\] where I include the sign \(\otimes\) for tensor product to emphasize that we're talking about the lower daughter photon. Correspondingly, if the photon is detected at D2, it proves that the state of this lower daughter photon was\[

\ket{D2} = \frac{\otimes \ket{SF} - \otimes \ket{LA}}{\sqrt{2}},

\] the analogous state with the relative minus sign. The last two displayed states are orthogonal to each other. But the logic is analogous to the logic above. Once we find out that the lower daughter photon is in one of these two states, we should collapse the two-photon entangled state to the corresponding states that have the form \(\ket{\psi_1}\otimes \ket{D1}\) or \(\ket{\psi_2}\otimes \ket{D2}\), respectively. With this collapse, you will find that the state \(\ket{\psi_1}\) or \(\ket{\psi_2}\) of the upper photon, after the detection of the lower photon at D1 or D2, will be\[

\ket{\psi_{1,2}} = \frac{\ket{SF}\otimes \pm \ket{LA}\otimes}{\sqrt{2}}

\] where the plus and minus sign apply to the detection at D1 and D2, respectively. OK, that's why you get the usual interference pattern – or the complementary one – if you only collect the upper photons whose lower twin daughters were caught at D1 or D2, respectively. This basically concludes the derivation of the probability distributions for \(\rho(x,y)\) that I started with.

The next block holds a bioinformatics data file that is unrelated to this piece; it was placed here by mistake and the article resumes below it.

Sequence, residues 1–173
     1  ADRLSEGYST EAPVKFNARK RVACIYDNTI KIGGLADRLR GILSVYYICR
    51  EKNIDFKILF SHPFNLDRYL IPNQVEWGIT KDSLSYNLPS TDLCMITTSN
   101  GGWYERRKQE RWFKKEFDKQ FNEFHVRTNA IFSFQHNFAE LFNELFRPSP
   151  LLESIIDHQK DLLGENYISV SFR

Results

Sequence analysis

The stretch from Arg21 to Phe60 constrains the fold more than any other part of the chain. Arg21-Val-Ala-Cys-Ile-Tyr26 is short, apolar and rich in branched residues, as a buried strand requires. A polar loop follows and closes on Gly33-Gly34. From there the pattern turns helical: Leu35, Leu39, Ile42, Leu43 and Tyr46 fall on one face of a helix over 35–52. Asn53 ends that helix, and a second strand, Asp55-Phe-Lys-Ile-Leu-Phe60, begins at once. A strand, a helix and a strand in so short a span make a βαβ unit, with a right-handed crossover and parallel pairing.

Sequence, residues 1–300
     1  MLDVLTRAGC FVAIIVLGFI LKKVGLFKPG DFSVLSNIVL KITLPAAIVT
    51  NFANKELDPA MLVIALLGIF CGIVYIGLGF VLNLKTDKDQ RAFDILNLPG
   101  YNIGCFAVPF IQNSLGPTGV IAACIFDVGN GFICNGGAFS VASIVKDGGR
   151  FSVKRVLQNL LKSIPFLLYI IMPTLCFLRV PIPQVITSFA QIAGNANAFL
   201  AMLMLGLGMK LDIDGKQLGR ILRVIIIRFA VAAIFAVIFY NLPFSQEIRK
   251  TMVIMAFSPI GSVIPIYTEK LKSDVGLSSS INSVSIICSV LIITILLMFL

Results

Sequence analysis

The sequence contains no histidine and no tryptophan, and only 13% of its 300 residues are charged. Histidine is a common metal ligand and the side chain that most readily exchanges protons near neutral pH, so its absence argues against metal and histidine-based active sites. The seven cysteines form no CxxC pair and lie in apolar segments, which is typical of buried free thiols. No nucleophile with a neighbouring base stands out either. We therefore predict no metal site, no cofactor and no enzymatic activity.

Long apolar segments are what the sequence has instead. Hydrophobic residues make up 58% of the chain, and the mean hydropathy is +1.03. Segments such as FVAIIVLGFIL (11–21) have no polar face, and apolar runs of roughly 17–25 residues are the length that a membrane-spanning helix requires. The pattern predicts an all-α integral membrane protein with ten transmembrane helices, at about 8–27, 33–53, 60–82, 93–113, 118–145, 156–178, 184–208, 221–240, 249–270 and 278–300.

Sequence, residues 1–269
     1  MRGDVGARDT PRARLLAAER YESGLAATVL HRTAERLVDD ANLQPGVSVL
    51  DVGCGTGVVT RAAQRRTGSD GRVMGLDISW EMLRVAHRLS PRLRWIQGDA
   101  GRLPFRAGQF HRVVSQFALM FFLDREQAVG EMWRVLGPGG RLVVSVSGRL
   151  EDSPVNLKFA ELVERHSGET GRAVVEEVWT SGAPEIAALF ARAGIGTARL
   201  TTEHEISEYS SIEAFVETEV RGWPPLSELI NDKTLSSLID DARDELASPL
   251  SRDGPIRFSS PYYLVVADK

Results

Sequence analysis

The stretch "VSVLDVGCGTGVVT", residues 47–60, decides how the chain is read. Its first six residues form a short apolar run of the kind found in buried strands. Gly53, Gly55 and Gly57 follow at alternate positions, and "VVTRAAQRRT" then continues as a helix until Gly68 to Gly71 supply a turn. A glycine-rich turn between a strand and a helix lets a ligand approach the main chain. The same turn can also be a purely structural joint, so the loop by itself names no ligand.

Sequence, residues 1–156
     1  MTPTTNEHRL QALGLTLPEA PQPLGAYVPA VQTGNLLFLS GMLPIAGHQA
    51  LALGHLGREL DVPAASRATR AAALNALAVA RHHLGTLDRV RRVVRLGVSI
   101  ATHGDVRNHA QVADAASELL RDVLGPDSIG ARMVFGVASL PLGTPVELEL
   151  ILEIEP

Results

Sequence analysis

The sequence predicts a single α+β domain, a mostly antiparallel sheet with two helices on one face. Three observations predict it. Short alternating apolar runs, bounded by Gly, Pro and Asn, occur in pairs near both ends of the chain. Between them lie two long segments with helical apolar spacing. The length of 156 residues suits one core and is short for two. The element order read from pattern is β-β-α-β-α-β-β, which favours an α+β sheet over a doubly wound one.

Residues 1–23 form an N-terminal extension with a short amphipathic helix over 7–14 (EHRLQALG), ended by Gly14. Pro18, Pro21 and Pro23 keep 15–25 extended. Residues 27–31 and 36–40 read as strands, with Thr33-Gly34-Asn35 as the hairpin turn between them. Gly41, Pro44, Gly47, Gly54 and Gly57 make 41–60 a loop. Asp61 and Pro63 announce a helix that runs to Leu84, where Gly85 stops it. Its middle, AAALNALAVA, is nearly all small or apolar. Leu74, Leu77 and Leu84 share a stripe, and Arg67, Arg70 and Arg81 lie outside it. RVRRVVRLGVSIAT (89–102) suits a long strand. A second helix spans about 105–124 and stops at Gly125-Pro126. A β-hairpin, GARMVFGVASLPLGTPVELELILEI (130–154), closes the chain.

So note that the interference pattern may always be there and is there as long as the information about the relative phase is preserved. The actual knowledge of the "which slit" information always kills the information about the relative phase. This relative phase is forgotten either because you are the actual observer who has already become aware of the which slit information and treats this measured value as a classical fact, and once there are classical facts, there is no interference between the amplitudes.

Or, more generally, the relative phase could have been made ambiguous even by the BBO crystal that splits the parent photon. If the which-slit information is "cloned" to additional degrees of freedom, in this case to the which-slit information about the lower daughter photon, then the relative phase for one of the subsystems (upper photon) also becomes undetermined. However, there's always a chance to "restore the knowledge" of that relative phase as long as the observer avoided perceiving the which-slit information himself.